The majority of Canadians 80.5% now feel that low-interest rates are harming the real estate market rather than helping it.
The COVID-19 pandemic, and the resulting provincial school and economic lockdowns, have been a unique time for the Canadian housing market. As people remained indoors amid mandated stay-at-home orders, the concept of home became more than just a roof over our heads, expanding to include the workplace, school, workout space, and entertainment centre, according to a report from Zoocasa.
This has driven unprecedented sales and price growth over the course of 2020 and 2021; according to the Canadian Real Estate Association (CREA), national sales spiked 235% between April 2020 and March 2021, pushing the average home price up by 44%.
New buying trends that accounted for lockdown lifestyle need to be emerged, such as the desire for at-home office space, green space, and accessibility to delivery services. As more people worked remotely, housing demand boomed in smaller cities and towns, fueling urban flight.
However, now that lockdown measures have largely lifted across Canada it’s apparent these pandemic-driven trends are starting to shift. Buyer urgency has clearly subsided as the July CREA data reveals sales are now dipping below year-ago levels, and the pace of price growth is starting to calm on a monthly basis.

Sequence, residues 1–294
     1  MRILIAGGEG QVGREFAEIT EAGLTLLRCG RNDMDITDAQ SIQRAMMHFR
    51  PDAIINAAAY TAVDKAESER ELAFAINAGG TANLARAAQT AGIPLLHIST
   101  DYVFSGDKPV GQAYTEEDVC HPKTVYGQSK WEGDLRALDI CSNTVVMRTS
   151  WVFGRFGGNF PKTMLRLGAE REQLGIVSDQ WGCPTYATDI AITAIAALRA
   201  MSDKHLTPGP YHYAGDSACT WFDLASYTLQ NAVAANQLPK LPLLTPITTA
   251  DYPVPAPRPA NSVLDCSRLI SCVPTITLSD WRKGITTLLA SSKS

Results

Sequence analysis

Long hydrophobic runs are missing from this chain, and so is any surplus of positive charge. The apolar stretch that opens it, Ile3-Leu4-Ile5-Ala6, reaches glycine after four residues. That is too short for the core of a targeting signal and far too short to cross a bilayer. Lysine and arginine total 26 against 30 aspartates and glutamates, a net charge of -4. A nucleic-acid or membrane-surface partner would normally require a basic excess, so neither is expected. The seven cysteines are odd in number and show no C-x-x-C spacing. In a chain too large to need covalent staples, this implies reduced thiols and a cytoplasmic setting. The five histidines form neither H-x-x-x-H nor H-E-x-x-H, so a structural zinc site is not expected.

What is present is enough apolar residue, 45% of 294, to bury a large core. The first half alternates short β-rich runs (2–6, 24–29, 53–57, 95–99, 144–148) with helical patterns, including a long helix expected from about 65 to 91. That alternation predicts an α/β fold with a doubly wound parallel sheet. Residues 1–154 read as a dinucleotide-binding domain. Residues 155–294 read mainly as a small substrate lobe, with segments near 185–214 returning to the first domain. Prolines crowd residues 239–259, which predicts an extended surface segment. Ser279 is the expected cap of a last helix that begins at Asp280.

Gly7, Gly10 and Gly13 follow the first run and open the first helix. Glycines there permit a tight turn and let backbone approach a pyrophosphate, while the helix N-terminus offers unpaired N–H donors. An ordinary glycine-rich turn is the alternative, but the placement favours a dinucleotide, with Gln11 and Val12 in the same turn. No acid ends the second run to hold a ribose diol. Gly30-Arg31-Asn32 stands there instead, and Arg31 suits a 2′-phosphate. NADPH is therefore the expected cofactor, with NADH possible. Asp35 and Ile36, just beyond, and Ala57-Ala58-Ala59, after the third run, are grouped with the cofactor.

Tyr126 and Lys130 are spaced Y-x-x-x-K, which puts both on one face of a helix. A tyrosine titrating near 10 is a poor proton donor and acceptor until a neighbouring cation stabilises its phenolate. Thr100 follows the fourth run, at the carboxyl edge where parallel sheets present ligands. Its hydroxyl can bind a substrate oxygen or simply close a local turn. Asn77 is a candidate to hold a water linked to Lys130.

According to the survey results, Canadians are considerably more likely to feel home prices in suburban areas and smaller towns have increased at unsustainable levels; a strong majority of 77.2% of respondents agreed, which is a 25.4% increase from when this question was asked in February 2021.
Overall tight market conditions are top of mind – when asked about the main areas of concern when purchasing a home, respondents indicated affordability, engaging in a bidding war, and timing the market were the top three.
To find out, Zoocasa surveyed over 1,400 respondents to get a pulse on their post-lockdown preferences regarding desirable home characteristics, housing affordability, and the ability to work from home. The findings were then compared to like-for-like responses collected in February 2021 – amid a record-breaking real estate market – to gauge how feelings have changed from during to after lockdown measures.